ZAGREB, Dec 8 (Hina) – Croatia has one of the most stable deposit insurance systems in the European Union, the State Agency for Deposit Insurance and Bank Resolution (DAB) said on Tuesday ahead of the entry into force of the new law on deposit insurance and compulsory liquidation of credit institutions on January 1.
The new law is aligned with EU directives. It shortens the duration of bankruptcy proceedings for credit institutions and additionally protects depositors. It also provides for the further reform of the banking system in Croatia and the EU, strengthens banks’ capacity to withstand financial shocks, minimises costs borne by taxpayers in case of problems with banks, and establishes a single financial fund which will be filled by credit institutions and not private citizens.
The law also ensures the security of savings deposits and increases the stability of the financial system, making it more resilient to possible financial crises.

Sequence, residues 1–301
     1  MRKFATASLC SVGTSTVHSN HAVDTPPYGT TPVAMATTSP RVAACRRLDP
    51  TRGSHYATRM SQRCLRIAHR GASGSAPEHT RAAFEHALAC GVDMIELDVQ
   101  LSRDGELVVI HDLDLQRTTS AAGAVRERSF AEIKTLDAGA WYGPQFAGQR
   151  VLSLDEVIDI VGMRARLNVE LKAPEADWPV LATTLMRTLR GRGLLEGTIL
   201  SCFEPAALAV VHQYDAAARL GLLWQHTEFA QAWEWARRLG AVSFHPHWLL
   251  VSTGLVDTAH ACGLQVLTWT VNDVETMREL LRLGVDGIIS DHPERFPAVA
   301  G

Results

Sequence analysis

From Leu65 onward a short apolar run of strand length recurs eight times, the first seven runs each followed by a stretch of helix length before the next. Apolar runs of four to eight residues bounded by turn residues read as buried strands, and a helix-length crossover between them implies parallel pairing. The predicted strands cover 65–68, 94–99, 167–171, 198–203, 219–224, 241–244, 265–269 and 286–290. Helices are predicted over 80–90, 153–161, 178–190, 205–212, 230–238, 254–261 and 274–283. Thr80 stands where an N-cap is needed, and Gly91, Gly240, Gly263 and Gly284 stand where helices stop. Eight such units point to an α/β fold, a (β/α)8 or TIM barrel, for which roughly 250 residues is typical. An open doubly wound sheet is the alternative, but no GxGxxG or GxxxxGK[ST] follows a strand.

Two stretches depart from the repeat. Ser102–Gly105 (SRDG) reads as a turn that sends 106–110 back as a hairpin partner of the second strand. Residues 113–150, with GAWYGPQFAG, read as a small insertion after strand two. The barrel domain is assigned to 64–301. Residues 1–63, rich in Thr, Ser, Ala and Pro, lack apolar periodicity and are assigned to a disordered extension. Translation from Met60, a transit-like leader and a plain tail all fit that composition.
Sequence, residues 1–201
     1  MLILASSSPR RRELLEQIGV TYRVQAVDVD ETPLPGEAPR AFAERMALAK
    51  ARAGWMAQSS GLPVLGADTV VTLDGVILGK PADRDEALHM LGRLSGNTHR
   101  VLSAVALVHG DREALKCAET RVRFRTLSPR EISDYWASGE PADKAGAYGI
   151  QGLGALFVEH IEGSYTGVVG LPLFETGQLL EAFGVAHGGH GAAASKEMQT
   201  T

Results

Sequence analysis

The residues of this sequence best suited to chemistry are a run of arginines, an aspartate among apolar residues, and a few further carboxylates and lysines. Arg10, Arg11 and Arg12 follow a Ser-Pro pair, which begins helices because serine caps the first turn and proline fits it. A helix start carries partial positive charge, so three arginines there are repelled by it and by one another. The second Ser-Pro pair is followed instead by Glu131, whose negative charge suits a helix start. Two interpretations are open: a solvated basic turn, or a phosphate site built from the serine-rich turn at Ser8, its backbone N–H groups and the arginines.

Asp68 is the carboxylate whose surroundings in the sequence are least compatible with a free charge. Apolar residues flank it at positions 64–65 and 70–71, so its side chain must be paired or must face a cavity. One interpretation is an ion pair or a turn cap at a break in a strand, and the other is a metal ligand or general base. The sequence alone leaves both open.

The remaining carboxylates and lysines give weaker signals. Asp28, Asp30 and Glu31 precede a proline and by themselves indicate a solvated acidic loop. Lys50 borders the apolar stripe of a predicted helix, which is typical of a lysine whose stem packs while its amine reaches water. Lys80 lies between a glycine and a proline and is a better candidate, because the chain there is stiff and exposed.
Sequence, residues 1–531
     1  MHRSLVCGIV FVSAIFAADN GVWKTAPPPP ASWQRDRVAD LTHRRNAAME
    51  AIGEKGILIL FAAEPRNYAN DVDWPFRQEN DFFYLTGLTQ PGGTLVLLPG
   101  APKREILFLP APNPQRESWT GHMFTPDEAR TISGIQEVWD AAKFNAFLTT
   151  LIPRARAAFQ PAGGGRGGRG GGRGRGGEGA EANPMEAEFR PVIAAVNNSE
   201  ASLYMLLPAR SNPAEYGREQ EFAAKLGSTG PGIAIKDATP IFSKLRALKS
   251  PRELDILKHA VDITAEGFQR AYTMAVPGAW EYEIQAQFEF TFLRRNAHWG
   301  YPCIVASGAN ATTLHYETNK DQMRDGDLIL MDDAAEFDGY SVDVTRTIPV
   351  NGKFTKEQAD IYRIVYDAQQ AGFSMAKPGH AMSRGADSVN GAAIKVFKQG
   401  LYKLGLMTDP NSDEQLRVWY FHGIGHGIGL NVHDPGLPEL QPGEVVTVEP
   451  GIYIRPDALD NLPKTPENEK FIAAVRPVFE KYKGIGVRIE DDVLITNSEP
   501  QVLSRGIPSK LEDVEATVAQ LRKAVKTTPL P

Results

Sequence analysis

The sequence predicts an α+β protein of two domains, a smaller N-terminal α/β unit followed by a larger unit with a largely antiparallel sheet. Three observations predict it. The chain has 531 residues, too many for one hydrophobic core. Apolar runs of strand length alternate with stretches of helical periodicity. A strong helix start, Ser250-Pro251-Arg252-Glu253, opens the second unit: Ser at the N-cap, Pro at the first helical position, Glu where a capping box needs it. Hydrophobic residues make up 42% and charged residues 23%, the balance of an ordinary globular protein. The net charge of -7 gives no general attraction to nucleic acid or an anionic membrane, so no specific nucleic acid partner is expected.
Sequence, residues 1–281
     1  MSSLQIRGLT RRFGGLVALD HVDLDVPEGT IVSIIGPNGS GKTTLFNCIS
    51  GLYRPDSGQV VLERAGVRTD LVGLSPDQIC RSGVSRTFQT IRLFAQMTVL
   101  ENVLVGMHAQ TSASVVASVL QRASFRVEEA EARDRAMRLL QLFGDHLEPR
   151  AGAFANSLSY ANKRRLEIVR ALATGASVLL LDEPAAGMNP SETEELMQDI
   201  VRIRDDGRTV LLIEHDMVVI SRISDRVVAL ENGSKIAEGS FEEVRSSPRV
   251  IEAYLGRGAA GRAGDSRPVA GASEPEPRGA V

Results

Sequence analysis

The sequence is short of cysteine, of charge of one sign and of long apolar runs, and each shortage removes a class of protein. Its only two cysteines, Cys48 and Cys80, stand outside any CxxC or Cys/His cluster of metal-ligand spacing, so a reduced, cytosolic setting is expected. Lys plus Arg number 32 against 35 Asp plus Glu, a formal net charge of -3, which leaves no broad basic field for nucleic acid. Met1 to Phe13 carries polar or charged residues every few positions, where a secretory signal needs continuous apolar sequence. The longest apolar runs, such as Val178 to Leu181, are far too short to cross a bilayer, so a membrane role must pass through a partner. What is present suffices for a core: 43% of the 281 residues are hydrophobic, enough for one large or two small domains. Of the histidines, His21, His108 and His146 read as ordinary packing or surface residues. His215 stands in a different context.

Under the new law, DAB will be renamed Croatian Agency for Deposit Insurance.
DAB’s Chief Executive Director Marija Hrebac said that the EU directive on deposit insurance systems requires all member states to establish a deposit insurance fund and raise at least 0.8 percent of the amount of covered deposits into it by 2024.
She recalled that in Croatia such an insurance fund had been established in 1998 and that it now has about 2.5 percent of covered deposits, the fund’s minimum target level defined by law, which is why Croatia has one of the most stable deposit insurance systems in the Union.
“The target level of available funds makes it possible for customers of a failed bank to be disbursed their funds within seven days of the bank’s failure, while the EU directive makes this mandatory as of 2024,” Hrebac said.
This guarantees that citizens can obtain their funds within a very short period of time if their bank fails, and citizens’ trust in the deposit insurance system is a key element of trust in the Croatian banking system, she added.